This article gives you comprehensive insights into prefabricated buildings. Read further to learn more about:
- An overview of prefabricated buildings
- Benefits of prefabricated construction
- Risks and challenges
- Types of prefabricated constructions
- And much more…
Chapter One – Overview of Prefabricated Buildings
Prefabricated buildings, or prefabs, are buildings with components (walls, roof, and floor) that are manufactured in a factory or manufacturing plant. These components can be fully or partially assembled in a factory which is then transferred at the construction site. This method of building construction is preferred due to its cost efficiency, fast turnaround, and reusability. Common applications of prefabricated buildings are temporary construction facilities, office spaces, medical camps, evacuation centers, schools, apartment blocks, and single-detached houses.
Prefabrication is more efficient than conventional on-site construction since manufacturing through a production line is more controlled. Because most buildings have repeating sections of walls, roof, and floors, a manufacturing process can be developed by putting together a sequence of operations. These operations can be studied and improved making the manufacturing process more efficient.
There are several recorded prefabricated buildings constructed throughout history which can be traced back to nomadic times when people were migrating to discover new lands. Colonization brought the need for transportable houses and camps. However, the need for prefabricated buildings was less urgent back then since once the colony was settled, there was no need for further development.
The method was only extensively developed starting in the 20th century. During the first and second world war, available labor for construction was reduced since men are mostly needed for the manufacture of war goods. This led to housing shortages that endured until the postwar era. Alternative methods of housing construction were considered to meet the demand. However, due to high initial costs and specialized labor required, the business has a higher risk than conventional construction. On top of that, housings produced through prefabrication have several defects and problems which ended up in governments compensating owners who unknowingly purchased housings with defects. A notable event that further depressed the acceptance of prefabrication was the collapse of a 21-story prefabricated tower block, known as the Ronan Point, in 1968.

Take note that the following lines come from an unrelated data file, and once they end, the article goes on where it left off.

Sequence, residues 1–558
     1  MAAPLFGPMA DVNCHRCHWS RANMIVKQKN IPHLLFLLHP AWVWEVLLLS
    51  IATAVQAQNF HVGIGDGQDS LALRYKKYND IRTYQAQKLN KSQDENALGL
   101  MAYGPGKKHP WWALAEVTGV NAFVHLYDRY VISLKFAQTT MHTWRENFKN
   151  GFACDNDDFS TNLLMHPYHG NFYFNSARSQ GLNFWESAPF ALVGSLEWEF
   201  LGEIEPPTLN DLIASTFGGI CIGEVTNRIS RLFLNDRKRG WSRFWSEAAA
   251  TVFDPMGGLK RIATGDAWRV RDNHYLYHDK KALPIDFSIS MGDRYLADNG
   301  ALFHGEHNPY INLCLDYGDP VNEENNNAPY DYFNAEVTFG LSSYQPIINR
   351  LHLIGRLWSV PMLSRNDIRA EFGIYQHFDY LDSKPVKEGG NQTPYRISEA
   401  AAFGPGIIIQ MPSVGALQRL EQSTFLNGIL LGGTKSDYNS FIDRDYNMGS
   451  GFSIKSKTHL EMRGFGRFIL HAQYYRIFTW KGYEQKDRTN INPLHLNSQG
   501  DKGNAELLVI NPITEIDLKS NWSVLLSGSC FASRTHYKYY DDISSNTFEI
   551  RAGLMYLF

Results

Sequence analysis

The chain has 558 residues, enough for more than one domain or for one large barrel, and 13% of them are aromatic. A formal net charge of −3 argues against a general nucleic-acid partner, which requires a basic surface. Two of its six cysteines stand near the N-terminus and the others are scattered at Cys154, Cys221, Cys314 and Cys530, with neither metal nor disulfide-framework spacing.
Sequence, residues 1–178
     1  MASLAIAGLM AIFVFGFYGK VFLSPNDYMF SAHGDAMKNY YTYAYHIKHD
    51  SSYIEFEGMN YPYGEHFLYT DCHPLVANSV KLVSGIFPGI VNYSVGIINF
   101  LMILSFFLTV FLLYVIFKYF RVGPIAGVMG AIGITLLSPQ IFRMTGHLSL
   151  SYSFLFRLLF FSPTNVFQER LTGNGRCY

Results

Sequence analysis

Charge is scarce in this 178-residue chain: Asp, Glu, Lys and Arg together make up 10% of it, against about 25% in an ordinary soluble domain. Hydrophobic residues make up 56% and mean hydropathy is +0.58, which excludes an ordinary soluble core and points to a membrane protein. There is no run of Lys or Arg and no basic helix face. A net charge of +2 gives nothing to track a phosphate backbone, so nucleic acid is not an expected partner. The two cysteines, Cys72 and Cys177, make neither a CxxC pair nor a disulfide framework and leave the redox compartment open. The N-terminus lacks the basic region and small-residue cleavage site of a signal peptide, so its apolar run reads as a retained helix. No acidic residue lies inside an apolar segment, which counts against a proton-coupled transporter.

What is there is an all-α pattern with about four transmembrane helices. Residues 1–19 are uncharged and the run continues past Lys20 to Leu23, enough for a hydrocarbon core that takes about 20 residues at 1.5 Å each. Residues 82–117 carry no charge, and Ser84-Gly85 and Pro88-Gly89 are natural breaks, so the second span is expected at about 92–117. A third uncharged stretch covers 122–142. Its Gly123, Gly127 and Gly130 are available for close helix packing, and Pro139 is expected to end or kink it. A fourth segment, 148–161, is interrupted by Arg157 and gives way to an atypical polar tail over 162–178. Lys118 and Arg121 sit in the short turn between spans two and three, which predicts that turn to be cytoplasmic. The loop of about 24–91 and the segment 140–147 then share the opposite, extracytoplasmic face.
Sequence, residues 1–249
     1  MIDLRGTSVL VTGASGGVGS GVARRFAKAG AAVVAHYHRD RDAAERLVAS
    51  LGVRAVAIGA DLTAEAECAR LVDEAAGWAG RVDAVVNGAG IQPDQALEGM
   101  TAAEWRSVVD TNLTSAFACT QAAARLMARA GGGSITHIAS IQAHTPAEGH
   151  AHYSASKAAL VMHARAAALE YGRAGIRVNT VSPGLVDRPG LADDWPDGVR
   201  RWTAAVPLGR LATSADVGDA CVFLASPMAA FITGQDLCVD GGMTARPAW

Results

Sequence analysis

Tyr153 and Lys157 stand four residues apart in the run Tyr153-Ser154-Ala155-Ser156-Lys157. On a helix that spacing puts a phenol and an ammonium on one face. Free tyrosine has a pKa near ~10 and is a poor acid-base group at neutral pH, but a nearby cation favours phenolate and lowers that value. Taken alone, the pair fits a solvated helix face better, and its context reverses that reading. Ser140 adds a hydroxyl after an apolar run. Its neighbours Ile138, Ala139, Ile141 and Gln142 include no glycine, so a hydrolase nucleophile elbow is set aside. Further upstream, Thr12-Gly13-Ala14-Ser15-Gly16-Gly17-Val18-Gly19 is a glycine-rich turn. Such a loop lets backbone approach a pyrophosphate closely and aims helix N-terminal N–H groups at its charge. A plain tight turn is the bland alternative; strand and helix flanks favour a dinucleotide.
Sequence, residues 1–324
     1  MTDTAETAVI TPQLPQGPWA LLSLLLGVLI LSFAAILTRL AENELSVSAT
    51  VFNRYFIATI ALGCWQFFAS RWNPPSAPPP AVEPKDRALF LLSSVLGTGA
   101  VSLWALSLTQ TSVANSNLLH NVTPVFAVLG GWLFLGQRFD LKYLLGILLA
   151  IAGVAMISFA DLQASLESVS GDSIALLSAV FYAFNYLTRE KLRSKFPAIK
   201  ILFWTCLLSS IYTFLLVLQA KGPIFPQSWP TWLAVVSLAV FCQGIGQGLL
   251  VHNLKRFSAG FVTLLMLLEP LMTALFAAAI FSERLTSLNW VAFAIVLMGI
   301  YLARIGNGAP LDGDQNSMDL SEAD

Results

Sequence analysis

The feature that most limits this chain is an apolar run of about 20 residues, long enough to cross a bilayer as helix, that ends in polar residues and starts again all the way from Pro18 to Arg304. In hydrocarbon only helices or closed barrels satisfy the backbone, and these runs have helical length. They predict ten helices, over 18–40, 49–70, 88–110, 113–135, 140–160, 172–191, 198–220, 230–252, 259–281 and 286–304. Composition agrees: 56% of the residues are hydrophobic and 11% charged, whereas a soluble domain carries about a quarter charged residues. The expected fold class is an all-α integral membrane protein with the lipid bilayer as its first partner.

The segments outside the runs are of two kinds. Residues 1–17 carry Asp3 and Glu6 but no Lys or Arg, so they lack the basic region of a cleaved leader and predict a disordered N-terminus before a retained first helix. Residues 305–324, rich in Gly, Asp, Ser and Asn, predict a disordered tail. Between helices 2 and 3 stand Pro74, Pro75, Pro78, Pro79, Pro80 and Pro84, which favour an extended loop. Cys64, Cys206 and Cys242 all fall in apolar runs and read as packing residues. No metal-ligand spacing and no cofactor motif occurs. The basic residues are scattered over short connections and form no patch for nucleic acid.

Due to developments and standardization of construction and manufacturing methods, coupled with the growing need for housing and office spaces, prefabricated buildings are being innovated continuously in place of conventional construction. The emergence of modeling tools and processes such as BIM (Building Information Modeling) helps architects, engineers, and contractors by digitally representing the characteristics of the structure. BIM enables effective management of the assembly on-site, which reduces business risks associated with prefabricated construction.
Chapter Two – Benefits of Using Prefabricated Buildings
Prefabricated buildings provide plenty of benefits for manufacturers, contractors, and end-users. The idea of dividing activities on- and off-site enables greater flexibility on the project schedule and costing, provided that the planners have effective project management capabilities. Off-site fabrication also brings the advantages seen in optimized assembly lines. With regards to market opportunities, prefabricated buildings will ride the trend of eco-friendly or green sustainability. Market share of the industry, both residential and non-residential, is expected to rise in the following years.
Faster On-site Construction